Some Thanksgivings are harder than others. What I mean by that is that sometimes, our world may seem at such odds with itself that we’re hard-pressed to feel the gratitude we wish would come naturally.
The divisive political situation in our country pains many this year; it seems there’s no end to the conflicts and confrontations that divide rather than unite us.
And yet . . . I had the great pleasure of attending a performance of the hit musical “Hamilton” recently. Along with the sheer fun, exuberance and astonishing creativity of the work, there’s a profound truth that runs through it, which was brought out in one of the final scenes.
That scene brings to life the famous duel in which Aaron Burr, our third Vice-President under Thomas Jefferson, killed his political rival, Alexander Hamilton, one of our Founding Fathers and first Secretary of the Treasury. In the musical, at the end of the duel, Burr sings these lyrics:
“I was too young and blind to see
I should’ve known
I should’ve known
The world was wide enough for both Hamilton and me.”
I hear in these words a call for us to try, as best we can and with all of our hearts, to find ways to negotiate, resolve – whatever your word for it is – our differences. To, as a friend of mine once said, “drop the knife,” recognizing that the world is, if we so choose, wide enough for all of us to co-exist in peace, if not in agreement.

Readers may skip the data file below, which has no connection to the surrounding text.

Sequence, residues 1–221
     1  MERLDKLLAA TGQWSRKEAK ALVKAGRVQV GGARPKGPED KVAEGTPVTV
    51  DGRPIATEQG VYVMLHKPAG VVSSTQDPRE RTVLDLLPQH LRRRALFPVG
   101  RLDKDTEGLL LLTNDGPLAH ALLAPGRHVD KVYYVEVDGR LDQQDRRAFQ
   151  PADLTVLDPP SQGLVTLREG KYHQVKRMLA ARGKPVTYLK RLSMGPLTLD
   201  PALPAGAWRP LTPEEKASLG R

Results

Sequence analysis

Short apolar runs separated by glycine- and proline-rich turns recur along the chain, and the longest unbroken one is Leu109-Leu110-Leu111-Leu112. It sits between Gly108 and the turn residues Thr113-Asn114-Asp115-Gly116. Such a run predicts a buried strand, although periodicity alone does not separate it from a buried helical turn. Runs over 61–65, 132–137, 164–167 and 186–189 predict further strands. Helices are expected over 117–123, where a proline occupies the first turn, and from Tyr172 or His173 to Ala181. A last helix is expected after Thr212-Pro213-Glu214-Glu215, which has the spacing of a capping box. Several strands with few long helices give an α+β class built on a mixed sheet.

A great place to start is with family and friends. I don’t know about you, but I certainly have my share of ornery family, folks I don’t understand, don’t like and would prefer not to have to deal with. Yet here we are, at Thanksgiving, when those very people are the ones gracing my Thanksgiving table – and probably yours as well.
I am reminding myself that I don’t have to like them, but I can respect them. I don’t have to agree with their opinions on everything from our president to the cranberry dressing, but I can acknowledge their right to their opinion, and appreciate that they actually have an opinion. I can, if I try really really hard, see their essential humanity, that they laugh and cry, struggle and stress, just as I do, if not about the same things. I can make the effort to value them, to look for something to appreciate about them, because there is, in every one of us, something (usually many things!) to appreciate, if we just look hard enough.
In other words, I can remember that “The world is wide enough” for all of us, even when it seems that could never be. At this time of Thanksgiving, it certainly is worth a try!